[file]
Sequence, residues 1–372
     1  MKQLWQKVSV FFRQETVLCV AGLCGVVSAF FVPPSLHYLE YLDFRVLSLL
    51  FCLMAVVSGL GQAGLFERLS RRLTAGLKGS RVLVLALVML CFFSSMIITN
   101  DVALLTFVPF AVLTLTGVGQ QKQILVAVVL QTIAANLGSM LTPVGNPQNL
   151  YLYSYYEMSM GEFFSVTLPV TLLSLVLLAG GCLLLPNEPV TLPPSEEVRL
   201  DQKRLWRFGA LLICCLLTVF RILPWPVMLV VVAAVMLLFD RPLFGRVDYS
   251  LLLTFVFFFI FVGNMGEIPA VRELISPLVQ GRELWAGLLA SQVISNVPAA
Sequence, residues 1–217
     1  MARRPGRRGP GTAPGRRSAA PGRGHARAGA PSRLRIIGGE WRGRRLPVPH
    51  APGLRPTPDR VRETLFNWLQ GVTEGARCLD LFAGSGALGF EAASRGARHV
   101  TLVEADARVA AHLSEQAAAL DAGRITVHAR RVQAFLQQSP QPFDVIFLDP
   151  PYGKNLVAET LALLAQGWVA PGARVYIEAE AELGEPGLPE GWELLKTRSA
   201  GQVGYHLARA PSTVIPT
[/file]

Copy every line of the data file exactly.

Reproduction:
Sequence, residues 1–372
     1  MKQLWQKVSV FFRQETVLCV AGLCGVVSAF FVPPSLHYLE YLDFRVLSLL
    51  FCLMAVVSGL GQAGLFERLS RRLTAGLKGS RVLVLALVML CFFSSMIITN
   101  DVALLTFVPF AVLTLTGVGQ QKQILVAVVL QTIAANLGSM LTPVGNPQNL
   151  YLYSYYEMSM GEFFSVTLPV TLLSLVLLAG GCLLLPNEPV TLPPSEEVRL
   201  DQKRLWRFGA LLICCLLTVF RILPWPVMLV VVAAVMLLFD RPLFGRVDYS
   251  LLLTFVFFFI FVGNMGEIPA VRELISPLVQ GRELWAGLLA SQVISNVPAA
Sequence, residues 1–217
     1  MARRPGRRGP GTAPGRRSAA PGRGHARAGA PSRLRIIGGE WRGRRLPVPH
    51  APGLRPTPDR VRETLFNWLQ GVTEGARCLD LFAGSGALGF EAASRGARHV
   101  TLVEADARVA AHLSEQAAAL DAGRITVHAR RVQAFLQQSP QPFDVIFLDP
   151  PYGKNLVAET LALLAQGWVA PGARVYIEAE AELGEPGLPE GWELLKTRSA
   201  GQVGYHLARA PSTVIPT